1.1. Initial Conditions: CDM Cosmology
The initial conditions for the formation of galaxies are provided by the now-standard CDM cosmological model. The combined results of the WMAP satellite study of Cosmic Microwave Background anisotropies, large-scale structure, and Type Ia supernovae observations yield best-fit values for the cosmological parameters of roughly = 0.7, m = 0.3, b = 0.04, and H0 = 70h70 km s-1 Mpc-1 (Bennett et al. 2003). 1 The original model of galaxy formation was Monolithic Collapse (Eggen et al. 1962), where gravitational collapse of a cloud of primordial gas very early in the lifetime of the Universe formed all parts of each galaxy at the same time. Modern evidence rules out this model on two fronts; the widely varying ages of different components of the Galaxy provide a counter-example, and the CDM cosmology predicts "bottom-up" i.e. hierarchical rather than "top-down" structure formation.
Hierarchical structure formation is a generic feature of Cold Dark Matter (CDM) models. Small overdensities are able to overcome the cosmological expansion and collapse first, and the resulting dark matter "halos" merge together to form larger halos which serve as sites of galaxy formation. This process continues until the present day, making galaxy formation an ongoing process. The nearly-scale-invariant primordial power spectrum inferred from combining WMAP with large-scale structure observations provides power on all scales in the distribution of CDM. The baryons fall into the CDM potential wells after decoupling, leaving only trace evidence of their previous acoustic oscillations as a series of low-amplitude peaks in the matter power spectrum. The non-linear collapse of dark matter overdensities occurs on larger and larger scales, so the typical collapsed halo mass grows with time, but no preferred scale is introduced. CDM therefore provides a distribution of halos where galaxies can form, with the details of the process up to baryonic physics.
Despite the lack of preferred galaxy scales in the distribution of dark matter halos, baryonic physics causes galaxies to have minimum and maximum masses. The maximum mass is that of CD galaxies in cluster centers with baryonic masses ~ 1012 M and virial masses ~ 1013 M; there are ~ 1014 M of baryons available in a rich cluster but virialization of galaxies and heating of gas to the high virial temperature prevent most of this mass from finding its way to the central galaxy. The minimum mass observed today is that of dwarf galaxies, ~ 108 M, but galaxies may initially have formed as small as 106 M (the baryonic Jean's mass after recombination i.e. the minimum mass for which gravity overwhelmed pressure support). Explaining the lack of observed galaxies with circular velocities below 30 km/s is a major goal; it is suspected that feedback from supernovae explosions may have quenched star formation in such low-mass objects immediately after a single burst of star formation (Dekel & Silk 1986).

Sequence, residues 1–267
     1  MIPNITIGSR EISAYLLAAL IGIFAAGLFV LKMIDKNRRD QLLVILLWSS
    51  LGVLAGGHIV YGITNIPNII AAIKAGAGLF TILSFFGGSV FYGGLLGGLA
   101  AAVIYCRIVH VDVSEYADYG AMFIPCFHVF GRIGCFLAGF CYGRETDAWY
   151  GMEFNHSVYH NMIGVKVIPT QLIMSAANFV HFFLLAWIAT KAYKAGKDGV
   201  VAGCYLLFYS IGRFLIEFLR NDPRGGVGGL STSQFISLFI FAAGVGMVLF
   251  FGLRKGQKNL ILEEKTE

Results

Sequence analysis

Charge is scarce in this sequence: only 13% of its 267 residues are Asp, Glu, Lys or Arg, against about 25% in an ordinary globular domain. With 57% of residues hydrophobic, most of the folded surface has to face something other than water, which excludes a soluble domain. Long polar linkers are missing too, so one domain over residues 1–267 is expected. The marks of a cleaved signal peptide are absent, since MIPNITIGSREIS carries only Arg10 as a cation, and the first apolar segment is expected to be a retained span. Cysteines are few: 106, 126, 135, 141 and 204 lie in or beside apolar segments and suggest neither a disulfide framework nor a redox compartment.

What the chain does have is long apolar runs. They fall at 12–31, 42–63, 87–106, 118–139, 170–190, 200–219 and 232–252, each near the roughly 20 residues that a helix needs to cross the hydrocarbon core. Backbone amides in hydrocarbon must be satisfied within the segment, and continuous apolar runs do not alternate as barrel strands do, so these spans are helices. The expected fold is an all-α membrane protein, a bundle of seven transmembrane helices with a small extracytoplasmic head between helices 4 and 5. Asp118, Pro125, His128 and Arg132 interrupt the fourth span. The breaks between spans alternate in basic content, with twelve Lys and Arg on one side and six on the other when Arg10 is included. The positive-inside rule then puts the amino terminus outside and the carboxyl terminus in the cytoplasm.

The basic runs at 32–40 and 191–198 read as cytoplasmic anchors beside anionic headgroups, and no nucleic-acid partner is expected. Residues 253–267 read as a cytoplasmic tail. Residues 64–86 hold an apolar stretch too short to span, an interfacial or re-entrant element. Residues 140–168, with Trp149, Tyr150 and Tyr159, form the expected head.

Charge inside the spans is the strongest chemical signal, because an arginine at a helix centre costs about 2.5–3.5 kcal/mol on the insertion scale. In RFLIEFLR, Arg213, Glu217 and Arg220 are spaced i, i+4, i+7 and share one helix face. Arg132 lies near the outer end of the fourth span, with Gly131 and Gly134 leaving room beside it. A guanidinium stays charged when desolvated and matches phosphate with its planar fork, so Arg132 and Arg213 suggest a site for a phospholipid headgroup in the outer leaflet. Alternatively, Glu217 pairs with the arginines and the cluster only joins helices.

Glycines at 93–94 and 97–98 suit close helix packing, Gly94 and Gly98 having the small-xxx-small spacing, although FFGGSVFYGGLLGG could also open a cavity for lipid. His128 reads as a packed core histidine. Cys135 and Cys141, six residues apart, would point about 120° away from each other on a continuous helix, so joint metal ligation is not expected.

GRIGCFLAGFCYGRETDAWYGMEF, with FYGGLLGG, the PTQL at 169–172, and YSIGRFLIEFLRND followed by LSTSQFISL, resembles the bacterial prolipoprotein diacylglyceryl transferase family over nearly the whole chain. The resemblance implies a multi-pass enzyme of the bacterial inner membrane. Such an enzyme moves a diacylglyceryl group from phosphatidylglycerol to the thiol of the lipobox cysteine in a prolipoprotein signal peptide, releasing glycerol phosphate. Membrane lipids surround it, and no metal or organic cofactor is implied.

The growth of cosmological structure and collapse of dark matter halos is a feature of the matter-dominated epoch. During radiation-domination, perturbations on scales smaller than the sound horizon were unable to grow due to acoustic oscillations in the photon-baryon fluid that gave rise to the famous peaks in the CMB angular power spectrum and the lower-amplitude peaks in the matter power spectrum. Now that we have entered a phase of dark energy domination, structure growth is slowing and will cease entirely as the universe enters a new phase of inflation. This cosmological "freeze-out" in structure formation is recent, since equality between the dark energy and matter densities occurred at zeq = 0.4. The slowing of structure formation occurs gradually, so the growth of cosmological structure continued nearly unabated until zeq, even though we see strong observational evidence for "downsizing" at z < 1 where high-mass galaxies grow far more slowly than lower-mass galaxies (e.g. Treu et al. 2005, Smith 2005). Another term being used by some is "anti-hierarchical", which is basically a synonym for "downsizing" but seems to imply inconsistency with hierarchical cosmology. However, the observed freeze-out in galaxy (and possibly supermassive black hole) formation in massive galaxies is not inconsistent with CDM models; rather, it appears to be caused by baryonic feedback which is not well understood at present (see Section 6.). The slowing of cosmological structure growth since z 0.4 may, however, play a role in the recent decline of the cosmic star formation rate density discussed by Bell et al. (2005).
1.2. Final Conditions: Low-redshift Galaxies
The study of galaxy formation is made easier by having full boundary conditions. The final conditions are the Hubble sequence of mature galaxies we see in the nearby universe at redshift zero. Indeed, much has been learned about galaxy formation from "archaeological" evidence in the ages and chemical abundances of various Galactic stellar populations, and expanding these studies to the rest of the Local Group and beyond is quite useful. Nonetheless, there are great advantages to observing galaxies in the act of formation, which motivates the study of high-redshift galaxies. At z > 2, galaxy-mass halos are rare so the majority of galaxies we observe reside in dark matter halos that have only recently collapsed i.e. at high-redshift most galaxies are young. In this sense, z > 2 can be considered the epoch of galaxy formation.
1 We include h70, analogous to the traditional parameter h h100, even though its value appears quite close to 1. Back.